Another fond memory from my junior year occurred when our basketball team shocked everyone and made a run to the state championship game. We rode on the team bus for basketball and since we provided stats to the coaches at halftime we would sit in the locker room and observe as the coaches broke down the game plan. I’ll never forget our coach’s speech before the regional championship game. One of the lines that has stuck with me for years is, “You’ve worked much harder all season long than them and you want it more than they do. They didn’t get up at 6:00 A.M. to lift weights like you guys did.”

I drew upon the inspiration from that memory during my training over the past two weeks. During the last week of January, I was grateful to have been able to get in three solid runs (2 inside and 1 outside) as they provided much-needed relief during a very stressful and busy week. Last week, the near-constant bad weather almost forced me into a zero week. Fortunately, I had a one-hour window on Saturday during which I squeezed in a great run.

However, I have had a LOT of trouble staying motivated at various times during my runs. My “weaker self”—the voice of doubt in my head that kept me on the couch for so many years—repeatedly tells me, “Your training schedule doesn’t even formally begin until later in February. You don’t even need to be doing this right now. Why don’t you just take it easy?”

I’ll admit that I often consider stopping and rationalizing my choice as protecting my health for the future. Every time I entertain this idea, my coach’s words from 15 years ago ring out in my head and my “stronger self” takes over, and I keep doggedly pushing onward towards the finish line.

As a statistician, I wasn’t required to attend practice, but I was still well aware of the hard work that the players and coaches invested each and every day all year long. During the offseason, I’m willing to bet that many of the players didn’t realize that each and every practice and workout was bringing them one step closer to a state championship while they were in the midst of the activity. However, each and every practice and workout was a small stepping stone towards an end goal.

Running alone at night during a frigid Cleveland winter can be a somewhat isolating exercise. Seeing other runners helps me know that I’m not the only crazy one out there, but I oftentimes feel like Frodo in Lord of the Rings as I journey through the Cleveland landscape. As I run through Tremont, I often see happy couples and other assorted people heading out for dinner and drinks on weekend evenings, and I wonder if they think I’m crazy as I run past them covered in sweat and gasping for air. (Heck, sometimes I wonder if I’m crazy!)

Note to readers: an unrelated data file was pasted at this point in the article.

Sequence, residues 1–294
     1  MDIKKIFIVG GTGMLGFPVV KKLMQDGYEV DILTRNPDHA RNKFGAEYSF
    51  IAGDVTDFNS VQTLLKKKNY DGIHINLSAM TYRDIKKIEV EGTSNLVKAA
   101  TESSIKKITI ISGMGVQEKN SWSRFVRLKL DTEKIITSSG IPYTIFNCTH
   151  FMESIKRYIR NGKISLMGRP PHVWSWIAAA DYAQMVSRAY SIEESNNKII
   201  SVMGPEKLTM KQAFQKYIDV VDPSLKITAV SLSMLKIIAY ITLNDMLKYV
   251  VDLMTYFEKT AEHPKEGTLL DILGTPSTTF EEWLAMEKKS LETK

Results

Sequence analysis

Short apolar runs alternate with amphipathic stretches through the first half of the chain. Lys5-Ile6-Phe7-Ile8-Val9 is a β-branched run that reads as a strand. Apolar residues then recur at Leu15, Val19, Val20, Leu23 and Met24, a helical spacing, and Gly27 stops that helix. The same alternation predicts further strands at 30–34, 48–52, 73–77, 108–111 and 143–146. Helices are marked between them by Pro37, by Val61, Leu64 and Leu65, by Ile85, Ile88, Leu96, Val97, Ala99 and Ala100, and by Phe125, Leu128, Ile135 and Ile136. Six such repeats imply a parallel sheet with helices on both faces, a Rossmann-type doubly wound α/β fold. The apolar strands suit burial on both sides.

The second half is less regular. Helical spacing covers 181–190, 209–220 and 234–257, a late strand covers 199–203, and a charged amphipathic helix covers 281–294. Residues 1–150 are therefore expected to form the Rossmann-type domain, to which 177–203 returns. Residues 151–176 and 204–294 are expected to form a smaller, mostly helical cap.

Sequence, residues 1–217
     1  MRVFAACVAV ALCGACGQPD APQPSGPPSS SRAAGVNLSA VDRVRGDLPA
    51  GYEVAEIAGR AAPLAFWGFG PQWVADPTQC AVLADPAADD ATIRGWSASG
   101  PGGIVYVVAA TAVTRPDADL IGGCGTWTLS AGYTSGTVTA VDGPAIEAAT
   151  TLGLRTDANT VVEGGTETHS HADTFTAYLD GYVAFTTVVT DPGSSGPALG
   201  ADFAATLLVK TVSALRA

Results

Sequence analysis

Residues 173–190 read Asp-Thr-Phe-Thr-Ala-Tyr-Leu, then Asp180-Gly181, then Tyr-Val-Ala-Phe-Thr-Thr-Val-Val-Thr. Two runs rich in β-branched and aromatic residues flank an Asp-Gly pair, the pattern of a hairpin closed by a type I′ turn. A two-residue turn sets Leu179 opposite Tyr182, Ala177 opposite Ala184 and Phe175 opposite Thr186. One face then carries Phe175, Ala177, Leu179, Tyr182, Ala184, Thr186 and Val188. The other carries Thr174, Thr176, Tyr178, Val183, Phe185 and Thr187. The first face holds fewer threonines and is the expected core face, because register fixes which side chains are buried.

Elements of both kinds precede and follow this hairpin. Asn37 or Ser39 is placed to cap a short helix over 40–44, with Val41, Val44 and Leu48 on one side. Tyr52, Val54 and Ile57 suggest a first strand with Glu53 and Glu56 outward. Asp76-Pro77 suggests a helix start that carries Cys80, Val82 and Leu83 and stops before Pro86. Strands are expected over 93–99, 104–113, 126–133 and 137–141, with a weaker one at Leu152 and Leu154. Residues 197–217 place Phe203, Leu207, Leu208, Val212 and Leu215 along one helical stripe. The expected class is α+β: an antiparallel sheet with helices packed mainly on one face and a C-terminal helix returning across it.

This is the view from the end of West 10th Street. I’ve seen this view on almost every run that I’ve done since June 2012, but it never gets old. Cleveland’s skyline looks even more beautiful at night when I’m running!

Far too easily I forget that each and every run is a building block for my future. I wouldn’t be able to have ever crossed the finish line in any race in which I have run if I hadn’t put in the hours of training, eating healthily, stretching, sleeping, and doing everything else that is needed to be a successful runner. Training for a race of any distance isn’t like cramming for a test—one can’t train intensely for a short period of time and expect that to compensate for a lack of a sustained, long-term training schedule.

The Cleveland Marathon is over 90 days away. That’s a long time!

My weaker self—the self that formerly laughed at the running accomplishments of others as I sat on the couch in poor health—tells me, “You can already run over half of the 13.1 miles and you’re far ahead of where Hal Higdon wants you to be at the start of his half marathon training schedule. Chill out and take it easy. And by the way, live a little. Take advantage of all of those fast food restaurants out there by Tri-C. A few stops at Arby’s won’t kill you. Sheila won’t ever find out.”

My stronger self—the self who reminds me that anything is possible with faith and trust in God, hard work, and discipline—tells me, “This time is a gift. Use it to build up a strong base and to continue to work towards a healthy weight. Great things lie ahead for you in 2013 and beyond. You’re not just preparing for the half marathon. You’re getting ready for a great lifetime of running. Running those 13.1 miles in May is going to be a great accomplishment, but you’re going to do much more than that before the year is over.”

Although doing so can be hard, I’m going to listen to my stronger self. Ever since I started listening to my stronger self on New Year’s Day in 2012 when I made the decision to start losing weight, my life has been filled with victory and triumph. Doing so hasn’t always been easy, but I know it’s worth it. On the days when you’re tempted to run to the couch, television, and refrigerator instead of the gym and the sidewalks, I urge you listen to your stronger self too! When we stride proudly across the finish line on May 19, we will be glad that we did.